Revised Israel issued guiding rules For foreign nationals to enter the West Bank on Sunday, he reversed provisions requiring visitors to notify Israel if any of them began a relationship with a Palestinian, after coming under pressure in this regard from the administration of US President Joe Biden and from European governments.
The Coordinator of Government Activities in the Territories (COGAT), the Defense Ministry body responsible for Palestinian civil affairs, published a draft “Procedures for Entry and Residence of Aliens in the Judea and Samaria Area” in February. The rules were due to go into effect in July, but were delayed by petitions to the Supreme Court.
The revised document will enter into force on October 20.
The updated document file has been removed Requirements That a foreigner who begins a relationship with a resident of the West Bank after entering the territory must notify the Israeli authorities within 30 days of their engagement, marriage, or commencement of cohabitation – “whichever occurs first.”
“An alien married to a resident of the territory, or forming a couple with one, must proceed to make arrangements … prior to arrival in the territory. If the relationship begins after the alien’s arrival in the territory, the authorized COGAT official must be notified in writing within 30 days of the start of At the same time, a request must be made to the Palestinian Authority to formalize the situation,” it said in the original draft.
COGAT removed the February draft online on Sunday as well, replacing it with the new 90-page edition, dated September 4, 2022.
The new draft also allows for the extension of foreigners’ visas from 90 days to 180 days. In addition, COGAT has canceled quotas for visiting lecturers and students in Palestinian universities, which were originally 100 teachers and 150 students.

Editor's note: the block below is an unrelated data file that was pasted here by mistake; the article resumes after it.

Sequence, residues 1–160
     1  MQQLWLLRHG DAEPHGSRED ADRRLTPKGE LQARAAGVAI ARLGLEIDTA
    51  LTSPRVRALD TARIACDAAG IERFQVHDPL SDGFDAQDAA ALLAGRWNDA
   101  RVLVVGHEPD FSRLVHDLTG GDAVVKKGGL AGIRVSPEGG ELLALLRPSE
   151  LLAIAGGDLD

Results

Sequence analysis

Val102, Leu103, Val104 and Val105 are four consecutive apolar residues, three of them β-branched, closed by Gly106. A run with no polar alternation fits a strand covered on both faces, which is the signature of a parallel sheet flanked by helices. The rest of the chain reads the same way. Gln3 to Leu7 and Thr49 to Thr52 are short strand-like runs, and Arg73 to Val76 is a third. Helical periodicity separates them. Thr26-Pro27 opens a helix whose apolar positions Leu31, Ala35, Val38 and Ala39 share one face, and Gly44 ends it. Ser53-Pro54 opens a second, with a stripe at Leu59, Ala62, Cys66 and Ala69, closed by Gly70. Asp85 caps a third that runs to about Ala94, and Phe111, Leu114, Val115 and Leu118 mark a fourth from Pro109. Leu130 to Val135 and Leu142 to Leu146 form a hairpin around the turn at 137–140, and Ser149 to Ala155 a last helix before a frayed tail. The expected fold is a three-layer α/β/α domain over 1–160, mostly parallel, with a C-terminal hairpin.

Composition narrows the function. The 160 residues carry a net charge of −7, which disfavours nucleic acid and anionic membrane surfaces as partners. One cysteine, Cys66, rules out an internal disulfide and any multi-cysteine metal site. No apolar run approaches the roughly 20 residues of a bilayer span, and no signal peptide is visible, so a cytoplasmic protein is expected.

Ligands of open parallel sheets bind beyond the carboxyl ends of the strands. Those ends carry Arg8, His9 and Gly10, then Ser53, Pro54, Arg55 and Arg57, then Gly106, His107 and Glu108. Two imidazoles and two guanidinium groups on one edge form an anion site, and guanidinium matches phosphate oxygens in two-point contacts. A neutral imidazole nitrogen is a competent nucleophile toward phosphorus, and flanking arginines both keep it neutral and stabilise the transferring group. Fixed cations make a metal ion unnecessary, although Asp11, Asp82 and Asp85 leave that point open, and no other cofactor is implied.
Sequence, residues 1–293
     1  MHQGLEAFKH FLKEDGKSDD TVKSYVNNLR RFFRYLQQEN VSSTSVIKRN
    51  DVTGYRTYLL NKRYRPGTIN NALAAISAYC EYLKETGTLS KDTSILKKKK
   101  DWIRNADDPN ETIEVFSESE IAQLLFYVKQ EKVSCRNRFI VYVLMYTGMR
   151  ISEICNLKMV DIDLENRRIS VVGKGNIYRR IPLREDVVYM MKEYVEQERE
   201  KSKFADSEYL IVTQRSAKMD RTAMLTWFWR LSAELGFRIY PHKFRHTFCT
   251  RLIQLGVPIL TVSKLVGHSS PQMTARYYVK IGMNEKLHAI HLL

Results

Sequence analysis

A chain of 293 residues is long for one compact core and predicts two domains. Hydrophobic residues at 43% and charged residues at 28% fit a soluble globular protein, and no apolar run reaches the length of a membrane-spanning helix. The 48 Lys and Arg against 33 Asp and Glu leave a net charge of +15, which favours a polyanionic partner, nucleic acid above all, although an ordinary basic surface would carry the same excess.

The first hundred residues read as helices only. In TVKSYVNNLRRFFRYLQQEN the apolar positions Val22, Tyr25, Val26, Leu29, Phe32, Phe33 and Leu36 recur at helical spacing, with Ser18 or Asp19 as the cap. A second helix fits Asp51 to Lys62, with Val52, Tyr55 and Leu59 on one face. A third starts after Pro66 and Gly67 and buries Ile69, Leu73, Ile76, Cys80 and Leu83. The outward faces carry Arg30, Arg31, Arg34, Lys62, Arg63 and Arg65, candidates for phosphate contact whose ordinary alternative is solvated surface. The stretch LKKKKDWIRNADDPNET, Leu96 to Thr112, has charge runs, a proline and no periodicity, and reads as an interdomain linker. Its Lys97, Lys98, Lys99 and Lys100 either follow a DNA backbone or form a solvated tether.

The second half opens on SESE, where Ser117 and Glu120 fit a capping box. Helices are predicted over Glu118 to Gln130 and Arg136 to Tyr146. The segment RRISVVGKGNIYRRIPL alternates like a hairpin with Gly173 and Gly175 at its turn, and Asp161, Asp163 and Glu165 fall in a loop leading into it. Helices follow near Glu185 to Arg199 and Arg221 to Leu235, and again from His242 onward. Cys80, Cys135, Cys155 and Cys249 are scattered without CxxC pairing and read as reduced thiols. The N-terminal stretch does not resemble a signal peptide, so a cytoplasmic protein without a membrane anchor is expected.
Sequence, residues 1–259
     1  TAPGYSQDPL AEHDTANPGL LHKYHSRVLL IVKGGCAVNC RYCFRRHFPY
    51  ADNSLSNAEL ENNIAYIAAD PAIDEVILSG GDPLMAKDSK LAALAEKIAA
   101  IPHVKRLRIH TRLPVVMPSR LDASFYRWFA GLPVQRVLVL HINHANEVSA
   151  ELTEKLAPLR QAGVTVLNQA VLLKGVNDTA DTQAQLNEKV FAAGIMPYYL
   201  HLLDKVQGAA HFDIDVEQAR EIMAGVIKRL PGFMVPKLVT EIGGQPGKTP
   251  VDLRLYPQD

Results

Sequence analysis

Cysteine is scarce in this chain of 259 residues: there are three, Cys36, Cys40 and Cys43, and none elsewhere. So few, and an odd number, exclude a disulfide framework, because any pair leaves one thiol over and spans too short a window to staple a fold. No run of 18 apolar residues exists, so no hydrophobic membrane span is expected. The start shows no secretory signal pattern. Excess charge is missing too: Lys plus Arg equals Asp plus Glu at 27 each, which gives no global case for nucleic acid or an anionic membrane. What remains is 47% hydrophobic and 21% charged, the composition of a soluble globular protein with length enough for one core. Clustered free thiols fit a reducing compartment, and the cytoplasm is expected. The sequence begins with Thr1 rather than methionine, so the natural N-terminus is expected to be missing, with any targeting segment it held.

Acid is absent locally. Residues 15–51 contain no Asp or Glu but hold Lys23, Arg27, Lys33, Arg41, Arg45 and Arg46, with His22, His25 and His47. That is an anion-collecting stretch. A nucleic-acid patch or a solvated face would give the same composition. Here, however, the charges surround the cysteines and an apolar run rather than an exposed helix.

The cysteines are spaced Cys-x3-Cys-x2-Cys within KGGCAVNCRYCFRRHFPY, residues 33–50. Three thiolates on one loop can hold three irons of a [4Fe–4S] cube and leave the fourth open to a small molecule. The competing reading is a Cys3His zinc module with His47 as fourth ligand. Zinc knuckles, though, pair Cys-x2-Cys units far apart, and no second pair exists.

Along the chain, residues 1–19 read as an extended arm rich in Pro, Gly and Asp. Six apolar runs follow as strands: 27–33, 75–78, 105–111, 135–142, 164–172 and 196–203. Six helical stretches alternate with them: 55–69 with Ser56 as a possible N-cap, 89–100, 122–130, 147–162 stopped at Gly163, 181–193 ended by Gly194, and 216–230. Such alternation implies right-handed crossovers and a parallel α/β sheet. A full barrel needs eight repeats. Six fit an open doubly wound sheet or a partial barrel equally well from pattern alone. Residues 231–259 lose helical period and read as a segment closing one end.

Israel also agreed – reportedly under pressure from US officials – that there would be a two-year trial period during which further amendments to the regulations could be made.
“At the end of the trial period, the situation will be assessed and a decision will be made as to whether the measure will be kept in force,” the document reads.
Despite the changes, and the release of revised guidelines, the US government remains concerned, with US Ambassador Tom Nedis saying he still has “concerns about the published protocols”.
In a statement published after the changes were announced, Nedis said: “Since February, the US Embassy in Jerusalem, the US Office of Palestinian Affairs, and the Government of Israel have engaged strongly with the Government of Israel on these draft rules – and will continue to do so. So in the 45 days prior to implementation and during the period The two-year trial.
“I remain concerned about the published protocols, particularly regarding the role of the Coordination of Government Activities in the Territories in determining whether individuals invited by Palestinian academic institutions are eligible to enter the West Bank, and the potential negative impact on family unity,” he said.
“It is important to ensure that all of these regulations are developed in coordination with key stakeholders, including the Palestinian Authority. I fully expect the Government of Israel to make the necessary adjustments during the trial period to ensure transparency and fair and equal treatment of all US citizens and other foreign nationals traveling to the West Bank.”
Shortly before the updated regulations were published, a senior embassy official expressed the same opinion.
“We have concerns about the possibility that these policies will lead to a curtailment of travel to the West Bank by foreigners, volunteers, academics and investors,” the official said, during an online briefing to Israeli journalists, requesting anonymity.
The official vowed to closely monitor the impact of the regulations, and said that Washington “fully expects the Israelis to make the necessary adjustments during the two-year trial period that will ensure transparency and fair and equal treatment, especially for all US citizens traveling to the Western Bank.”